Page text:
MicroPython | 4 min | 4434
autocompleteesp32esp8266intellisensemicropythonpymakrvisual studio codevscodewemos
Last December, I wrote an article telling you that I was switching from Atom.io to Visual Studio Code to program MicroPython. Nowadays, I'm still using VSCode and the PyMakr extension. The latter enables the communication to a board running MicroPython using the build-in command line REPL. Thus, I can run a single file on my board, sync my entire project or directly type and execute commands using the Terminal on VSCode. However, I was missing some of the main features of VSCode, namely IntelliSense, autocompletion, and linting capabilities. Last month, BradenM contacted me and told me that he...
development boardselectric screw driveresp32esp32 8mb psrammicropythonmisc articlexiaomi wowstick
This is a really misc. small article. Two month ago, I bought on Banggood two articles that I wanted to show you, but this time, these are not connected to an application, code or a detailed product review. This is only a misc. article to describe my purchase: The Xiaomi Wowstick Screw Driver and the TTGO ESP32 WROVER with 8MB PSRAM.
If you are looking for a very small electric screw driver, then the Xiaomi Wowstick is an option for you. It includes everything that you need except the batteries. You need two AAA batteries and you can start disarming toys, clocks, cell...
edge devicelow port ailow power aimaix dockmicropythonobject classifiersipeed
This week, I received from Seeed Studio a MAiX Dock to review it. The main board of the kit includes a Sipeed M1w which is a compact module like the ESP32 but based on the Kendryte K210 dual core RISC-V processor. It is designed for low power artificial intelligence workloads, such as face detection, object recognition, or audio processing. There are two type of modules: the Sipeed M1 and M1w, the last one includes WIFI connectivity.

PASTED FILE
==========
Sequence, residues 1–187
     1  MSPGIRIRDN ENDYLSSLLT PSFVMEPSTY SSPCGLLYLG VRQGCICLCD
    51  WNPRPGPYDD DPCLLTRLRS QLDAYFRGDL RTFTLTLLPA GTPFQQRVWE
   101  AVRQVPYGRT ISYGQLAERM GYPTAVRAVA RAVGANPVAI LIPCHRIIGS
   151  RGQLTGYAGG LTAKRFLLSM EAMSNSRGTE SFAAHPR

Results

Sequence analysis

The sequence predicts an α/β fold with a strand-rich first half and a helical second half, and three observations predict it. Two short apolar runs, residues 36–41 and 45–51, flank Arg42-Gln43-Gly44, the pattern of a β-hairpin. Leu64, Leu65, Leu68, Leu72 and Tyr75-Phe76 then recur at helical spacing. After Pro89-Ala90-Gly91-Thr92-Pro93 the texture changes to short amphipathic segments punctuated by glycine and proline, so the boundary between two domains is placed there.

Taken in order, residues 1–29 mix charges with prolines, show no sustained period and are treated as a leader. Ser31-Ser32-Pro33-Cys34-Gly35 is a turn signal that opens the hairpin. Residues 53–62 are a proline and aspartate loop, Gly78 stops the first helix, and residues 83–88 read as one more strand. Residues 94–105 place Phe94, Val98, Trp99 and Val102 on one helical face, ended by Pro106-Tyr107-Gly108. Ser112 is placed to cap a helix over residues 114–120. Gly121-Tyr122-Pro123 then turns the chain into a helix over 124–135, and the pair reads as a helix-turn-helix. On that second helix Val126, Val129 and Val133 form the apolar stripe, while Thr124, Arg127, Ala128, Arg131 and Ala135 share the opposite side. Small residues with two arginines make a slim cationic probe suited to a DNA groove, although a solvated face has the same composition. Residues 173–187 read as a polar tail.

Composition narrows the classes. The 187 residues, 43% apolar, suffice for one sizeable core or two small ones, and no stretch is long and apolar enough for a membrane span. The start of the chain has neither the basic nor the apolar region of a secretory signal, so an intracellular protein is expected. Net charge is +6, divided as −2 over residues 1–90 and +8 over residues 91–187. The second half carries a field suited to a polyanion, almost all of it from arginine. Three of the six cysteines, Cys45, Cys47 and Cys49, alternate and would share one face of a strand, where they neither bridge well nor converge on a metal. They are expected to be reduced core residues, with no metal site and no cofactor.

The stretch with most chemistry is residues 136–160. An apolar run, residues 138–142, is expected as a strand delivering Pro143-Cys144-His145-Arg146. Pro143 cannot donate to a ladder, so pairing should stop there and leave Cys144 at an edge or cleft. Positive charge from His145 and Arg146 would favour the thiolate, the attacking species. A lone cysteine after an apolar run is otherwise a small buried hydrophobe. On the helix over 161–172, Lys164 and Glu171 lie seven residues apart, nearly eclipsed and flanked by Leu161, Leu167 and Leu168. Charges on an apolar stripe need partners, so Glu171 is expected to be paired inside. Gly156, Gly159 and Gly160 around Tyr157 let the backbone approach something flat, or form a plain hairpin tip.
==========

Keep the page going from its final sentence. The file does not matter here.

The main features of the MAiX Dock boards are:
- Display I/F – An FPC24P socket for 8-bit MCU LCD
- Camera I/F- An FPC24P socket for DVP camera
- Storage – micro SD s...
This month, I received the M5Stack FIRE development kit with a PLC base kit from Banggood to review (see Fig. 1). After using it, I can affirm that the M5Stack takes an alternative approach to ESP32 prototyping, because the resulting projects are almost simultaneously finished products. This is possible because the board is housed in a stylish and robust hosing with graphics display, buttons, microSD card slot, USB-C port and speakers. I tested the M5Stack FIRE development kit, and the board includes also a MPU6050, MAG63110 (MPU9250 on the new versions), BSE3729 and a PSRAM to extend the ESP3...
androidblynkesp32home assistanthome automationiosmicropythonmqttwipy 3.0
This time a quick tutorial to control your WiPy 3.0 / 2.0 or an ESP32 using Blynk.
Blynk is the most popular mobile app for the IOT. Works with anything: ESP8266, Arduino, Raspberry Pi, SparkFun and others.
I found a library to connect MicroPython to Blynk but it is only compatible with the WiPy 1.0. Thus, I modified it and made it compatible with the WiPy 3.0 / 2.0 and with the ESP32 running MicroPython. If you do not have any idea about MicroPython, I recommend you to read this tutorial.